Minerva Ramirez takes several weeks to design and create an outfit.
The La Joya-based seamstress says she often forgoes sleep when she’s making a dress, spending hours laying in bed thinking of the details she wants to add to it before waking up to complete her project.
“I’ve been doing this for 30 years,” Ramirez said. “Since I was a little girl I always saw my grandmother doing this and asked her to lend me her sewing machine to try it out but people stopped me because I was so little. This desire in me to sew has always been inside of me so as soon as I got to school, I took a home economics class and felt ready to take it. This knowledge is inside of me.”
Ramirez typically makes dresses for events such as quinceaneras and pageants, but the majority of her business comes from the La Joya school district where she designs and makes the uniforms for the district’s mariachi teams, Ramirez said.
In the last year, however, what was once a bustling shop filled with girls eager to get their measurements done has been quiet due to the COVID-19 pandemic which has infected nearly 60,000 people in the county and killed over 2,300 residents.
Several events that Ramirez usually makes dresses and gowns for have been cancelled to mitigate the spread of the disease, Ramirez said.
“The shop has lost nearly 80% of business in the last month,” Ramirez said. “Financially, I’m not doing well, COVID has changed business for me and other seamstresses and I’ve struggled to keep the doors of my shop open, but I still work. I’m hoping that things will go back to normal, that’s my hope, working here is my dream, I have to be optimistic that it will get better.”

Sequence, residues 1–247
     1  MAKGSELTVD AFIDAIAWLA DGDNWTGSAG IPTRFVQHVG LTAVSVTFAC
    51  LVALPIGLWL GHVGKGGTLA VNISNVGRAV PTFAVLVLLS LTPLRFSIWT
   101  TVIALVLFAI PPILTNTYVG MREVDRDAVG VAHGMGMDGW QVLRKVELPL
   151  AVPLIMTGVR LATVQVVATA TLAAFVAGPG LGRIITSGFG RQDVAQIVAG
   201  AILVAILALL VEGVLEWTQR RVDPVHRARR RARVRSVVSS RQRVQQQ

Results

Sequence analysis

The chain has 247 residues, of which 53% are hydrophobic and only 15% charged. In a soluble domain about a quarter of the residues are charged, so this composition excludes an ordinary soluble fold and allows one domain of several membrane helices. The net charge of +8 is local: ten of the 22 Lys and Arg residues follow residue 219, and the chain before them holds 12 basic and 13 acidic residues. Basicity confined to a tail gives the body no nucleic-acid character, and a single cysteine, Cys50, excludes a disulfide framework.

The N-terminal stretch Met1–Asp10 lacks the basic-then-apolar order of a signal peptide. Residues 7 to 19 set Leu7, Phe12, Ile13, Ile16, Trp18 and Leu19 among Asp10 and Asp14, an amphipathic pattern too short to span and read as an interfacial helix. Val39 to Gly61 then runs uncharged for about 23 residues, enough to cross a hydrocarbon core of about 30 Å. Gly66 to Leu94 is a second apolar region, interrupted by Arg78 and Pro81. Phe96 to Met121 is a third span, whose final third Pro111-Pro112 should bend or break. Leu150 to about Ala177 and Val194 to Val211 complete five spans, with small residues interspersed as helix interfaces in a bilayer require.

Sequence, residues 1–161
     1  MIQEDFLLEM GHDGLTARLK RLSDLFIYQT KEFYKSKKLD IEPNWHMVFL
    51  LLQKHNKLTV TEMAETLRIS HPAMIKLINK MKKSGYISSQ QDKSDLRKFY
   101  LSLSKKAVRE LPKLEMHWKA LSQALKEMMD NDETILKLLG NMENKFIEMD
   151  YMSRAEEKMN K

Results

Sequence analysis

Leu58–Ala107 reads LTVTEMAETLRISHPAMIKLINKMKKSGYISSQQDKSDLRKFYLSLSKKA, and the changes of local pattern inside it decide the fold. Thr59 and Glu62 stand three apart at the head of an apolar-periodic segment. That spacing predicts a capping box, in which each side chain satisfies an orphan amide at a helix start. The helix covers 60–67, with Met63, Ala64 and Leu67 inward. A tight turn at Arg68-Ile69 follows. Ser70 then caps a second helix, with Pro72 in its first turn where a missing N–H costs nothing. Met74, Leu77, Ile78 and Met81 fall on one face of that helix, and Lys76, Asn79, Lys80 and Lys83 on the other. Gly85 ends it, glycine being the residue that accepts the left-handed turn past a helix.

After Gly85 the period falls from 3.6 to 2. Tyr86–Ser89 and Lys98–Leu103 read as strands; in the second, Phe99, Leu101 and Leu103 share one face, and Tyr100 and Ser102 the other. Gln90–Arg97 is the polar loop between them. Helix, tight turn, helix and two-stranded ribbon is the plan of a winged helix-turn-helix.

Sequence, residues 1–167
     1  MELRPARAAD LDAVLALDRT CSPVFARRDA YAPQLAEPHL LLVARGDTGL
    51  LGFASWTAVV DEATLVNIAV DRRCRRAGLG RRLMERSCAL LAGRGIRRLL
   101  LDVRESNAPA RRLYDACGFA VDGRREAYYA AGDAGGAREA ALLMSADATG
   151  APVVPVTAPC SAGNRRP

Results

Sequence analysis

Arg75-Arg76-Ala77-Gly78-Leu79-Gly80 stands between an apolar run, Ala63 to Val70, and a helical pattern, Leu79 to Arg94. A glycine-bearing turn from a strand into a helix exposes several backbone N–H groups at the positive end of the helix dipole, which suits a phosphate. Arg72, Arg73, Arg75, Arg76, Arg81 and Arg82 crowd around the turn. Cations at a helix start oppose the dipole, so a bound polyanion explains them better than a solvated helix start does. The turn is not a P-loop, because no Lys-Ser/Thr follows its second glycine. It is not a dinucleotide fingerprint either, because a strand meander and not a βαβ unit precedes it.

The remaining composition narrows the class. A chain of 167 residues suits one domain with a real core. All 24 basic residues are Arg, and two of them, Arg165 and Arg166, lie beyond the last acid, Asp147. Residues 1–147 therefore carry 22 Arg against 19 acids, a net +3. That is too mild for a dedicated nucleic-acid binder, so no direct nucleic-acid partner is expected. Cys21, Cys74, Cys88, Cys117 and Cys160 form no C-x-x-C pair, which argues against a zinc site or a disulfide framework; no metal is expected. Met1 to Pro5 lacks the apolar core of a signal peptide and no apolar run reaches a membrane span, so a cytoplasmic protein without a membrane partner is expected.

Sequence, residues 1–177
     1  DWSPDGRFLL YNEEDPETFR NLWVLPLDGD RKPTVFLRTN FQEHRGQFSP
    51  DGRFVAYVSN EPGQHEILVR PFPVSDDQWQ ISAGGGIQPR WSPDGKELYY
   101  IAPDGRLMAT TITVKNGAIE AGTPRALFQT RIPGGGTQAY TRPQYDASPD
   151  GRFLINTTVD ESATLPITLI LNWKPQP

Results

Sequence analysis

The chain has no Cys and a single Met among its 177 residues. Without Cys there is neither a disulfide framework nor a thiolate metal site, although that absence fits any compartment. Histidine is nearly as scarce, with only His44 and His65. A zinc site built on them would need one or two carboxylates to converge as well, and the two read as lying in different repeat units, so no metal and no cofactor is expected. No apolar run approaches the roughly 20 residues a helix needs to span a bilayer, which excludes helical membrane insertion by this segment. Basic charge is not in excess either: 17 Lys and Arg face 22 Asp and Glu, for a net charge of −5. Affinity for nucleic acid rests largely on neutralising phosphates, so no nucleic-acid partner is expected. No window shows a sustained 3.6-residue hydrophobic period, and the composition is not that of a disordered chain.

Most of Ramirez’s business since the pandemic arrived in the county last March, has come from making and selling face masks, she said. However, a sense of normalcy returned to her business thanks to the Texas Citrus Fiesta.
For the last five years, Ramirez has made gowns for a handful of duchesses competing for the title of Queen Citrianna. This year is no different as she is making the dresses for two duchesses and for outgoing Queen Jaedynn E’Del Alaniz.
“This is always a busy time of the year when it comes to designing dresses for the TCF pageant, there’s so many details in each dress and you have to make sure each one is unique,” Ramirez said. “It can take me up to three months to finish a duchess dress and over 20 yards of fabric and several pounds of decorations from diamonds to fruits to compliment the title of the duchess wearing the dress.”
All of the girls coming in to get their measurements done have worn masks while Ramirez works, Libby Chapa – Ramirez’s assistant – said. Whereas Ramirez, Chapa and the girls would normally hang out and gossip as the measurements are made and the dress is worked on, Chapa said the threat of the pandemic is preventing that from happening.
“The girls go in and then go out as soon as we’re done with them,” Chapa explained. “We communicate through text and we rely on mannequins to model the dresses instead of the girls to limit exposure. They can’t be here all the time for measurements and when we need materials I do the shopping so she doesn’t risk getting sick because if she gets sick, it’s over.”
Ramirez said she hopes people will be able to see and enjoy the dresses she has made for the TCF pageant.
“I hope they like the work I did,” Ramirez said. “I feel proud of these dresses, I didn’t think I’d be able to make these but it’s worth it to see someone sporting it on the runway with a big smile on their face.”